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Shadows of Divine Things

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Location: Texas, United States

This site is devoted to theological and philosophical investigations of the spiritual meanings of life, current events, music, spiritual growth, nature, and learning to be attuned to listening to the 'language of God.' The name of this blog comes from one of Jonathan Edwards's journals which he called 'Shadows of Divine Things,' and later renamed 'Images of Divine Things.' As a Christian I am continously on a spiritual journey to grow more into the image of Christ, to understand what it means to be crucified with Christ. To seek the truths of the Christian Faith is of upmost importance, and to know that any truths that are found outside of Christianity are present there because they ultimately point to God. I have an M.A. in theology and apologetics and I completed one year of graduate studies in Philosophy at Marquette University.

Monday, March 20, 2006

The Joint Declaration on the Doctrine of Justification

For twenty-seven years, representatives from both the Roman Catholic and Lutheran Churches (i.e. theologians, Bishops, Priests, Cardinals, etc.) gathered at various times and places to discuss their differences. After twenty-seven years of published dialogue of each of the meetings at various times, on October 31, 1999 (Reformation Day) a joint declaration was drawn up, issued and signed. With regard to the issue of justification this is what the declaration stated (and both parties agreed and signed their consent).

“We believe that God’s creative graciousness is offered to us and to everyone for healing and reconciliation so that through the Word made flesh, Jesus Christ, ‘who was put to death for our transgressions and raised for our justification’ (Rom. 4:25), we are called to pass from the alienation and oppression of sin to freedom and fellowship with God in the Holy Spirit. It is not through our own initiative that we respond to this call, but only through an undeserved gift which is granted and made known in faith, and which comes to fruition in our love of God and neighbor, as we are led by the Spirit in faith to bear witness to the divine gift in all aspects of our lives. This faith gives us hope for ourselves and for all humanity and gives us confidence that salvation in Christ will always be proclaimed as the gospel, the good news for which the world is searching.”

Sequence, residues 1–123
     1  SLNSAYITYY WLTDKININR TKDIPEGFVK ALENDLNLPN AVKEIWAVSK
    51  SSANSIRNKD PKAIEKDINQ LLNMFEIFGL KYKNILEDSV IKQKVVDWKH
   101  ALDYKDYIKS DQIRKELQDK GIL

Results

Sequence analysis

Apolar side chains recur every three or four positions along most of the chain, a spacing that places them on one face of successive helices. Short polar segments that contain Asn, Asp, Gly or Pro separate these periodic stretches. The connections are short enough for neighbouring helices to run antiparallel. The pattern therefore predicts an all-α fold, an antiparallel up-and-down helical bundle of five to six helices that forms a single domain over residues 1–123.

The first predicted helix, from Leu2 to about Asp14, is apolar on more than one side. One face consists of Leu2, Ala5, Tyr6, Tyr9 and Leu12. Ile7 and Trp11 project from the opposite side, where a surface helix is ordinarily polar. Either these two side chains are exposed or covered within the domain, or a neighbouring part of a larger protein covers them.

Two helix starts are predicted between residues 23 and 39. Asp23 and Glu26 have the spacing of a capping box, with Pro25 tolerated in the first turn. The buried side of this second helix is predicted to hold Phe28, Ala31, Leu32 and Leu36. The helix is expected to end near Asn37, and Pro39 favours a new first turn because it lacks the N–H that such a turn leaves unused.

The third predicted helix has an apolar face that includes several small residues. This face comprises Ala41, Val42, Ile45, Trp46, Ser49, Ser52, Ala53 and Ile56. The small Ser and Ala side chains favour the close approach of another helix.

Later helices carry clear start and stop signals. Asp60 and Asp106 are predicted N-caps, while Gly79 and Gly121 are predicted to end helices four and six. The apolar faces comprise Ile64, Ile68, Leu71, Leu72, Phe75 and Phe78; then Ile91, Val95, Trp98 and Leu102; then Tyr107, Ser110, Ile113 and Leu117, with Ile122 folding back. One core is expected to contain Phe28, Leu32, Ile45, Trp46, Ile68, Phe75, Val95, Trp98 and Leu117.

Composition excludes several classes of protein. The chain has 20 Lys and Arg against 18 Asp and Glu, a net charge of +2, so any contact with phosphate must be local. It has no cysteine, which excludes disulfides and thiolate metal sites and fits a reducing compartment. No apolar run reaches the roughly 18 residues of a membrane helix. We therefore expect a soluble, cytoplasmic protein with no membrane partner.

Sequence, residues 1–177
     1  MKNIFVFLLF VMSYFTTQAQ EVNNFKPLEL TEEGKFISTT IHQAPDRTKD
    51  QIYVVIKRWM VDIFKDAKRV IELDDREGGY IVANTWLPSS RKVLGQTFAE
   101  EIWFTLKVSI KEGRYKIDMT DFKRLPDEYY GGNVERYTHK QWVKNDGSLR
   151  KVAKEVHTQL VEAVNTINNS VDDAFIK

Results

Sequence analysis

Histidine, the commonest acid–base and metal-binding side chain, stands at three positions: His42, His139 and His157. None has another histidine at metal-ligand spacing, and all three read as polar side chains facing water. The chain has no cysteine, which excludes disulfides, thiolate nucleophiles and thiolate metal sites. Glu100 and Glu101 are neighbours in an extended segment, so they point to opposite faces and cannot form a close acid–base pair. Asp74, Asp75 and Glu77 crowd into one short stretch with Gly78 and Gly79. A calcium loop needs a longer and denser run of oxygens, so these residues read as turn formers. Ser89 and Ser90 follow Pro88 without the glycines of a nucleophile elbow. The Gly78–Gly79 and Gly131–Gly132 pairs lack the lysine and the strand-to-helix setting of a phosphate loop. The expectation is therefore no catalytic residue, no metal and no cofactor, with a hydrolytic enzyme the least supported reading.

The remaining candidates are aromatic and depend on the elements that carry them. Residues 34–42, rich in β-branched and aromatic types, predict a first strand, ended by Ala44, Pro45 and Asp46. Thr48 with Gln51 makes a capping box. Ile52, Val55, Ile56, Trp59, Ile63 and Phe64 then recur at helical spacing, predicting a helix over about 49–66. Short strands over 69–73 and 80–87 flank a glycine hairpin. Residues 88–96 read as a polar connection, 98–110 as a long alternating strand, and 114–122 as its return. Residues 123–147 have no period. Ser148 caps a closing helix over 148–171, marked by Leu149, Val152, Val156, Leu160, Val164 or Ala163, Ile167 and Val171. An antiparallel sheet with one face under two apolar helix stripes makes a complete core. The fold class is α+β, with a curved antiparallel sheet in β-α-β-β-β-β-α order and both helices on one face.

The interesting thing about these meetings was the agreement on definition. The declaration went on to state:

“Justification is the forgiveness of sins, liberation from the dominating power of sin and death, and from the curse of the law. It is acceptance into communion with God: already now, but then full in God’s coming kingdom. It unites with Christ and with his death and resurrection. It occurs in the reception of the Holy Spirit in baptism and incorporation into the one body. All this from God alone, for Christ’s sake, by grace, through faith, in “the gospel of God’s Son.”

With issue to at least one tenet of the Reformation, sola gratia, the Joint Declaration on the Doctrine of Justification had this to say:

“Together we confess: by grace alone, in faith in Christ’s saving work and not because of any merit on our part, we are accepted by God and receive the Holy Spirit, who renews our hearts while equipping and calling us to good works. . . . Faith is itself a gift through the Holy Spirit who works through word and sacrament in the community of believers and who, at the same time, leads believers into the renewal of life which God will bring to completion in eternal life . . . Our new life is solely due to the forgiving and renewing mercy that God imparts as a gift and we receive in faith, and never can merit it in any way.”

[If you are interested, you can read about this in Mark Noll's book Is The Reformation Over? ]

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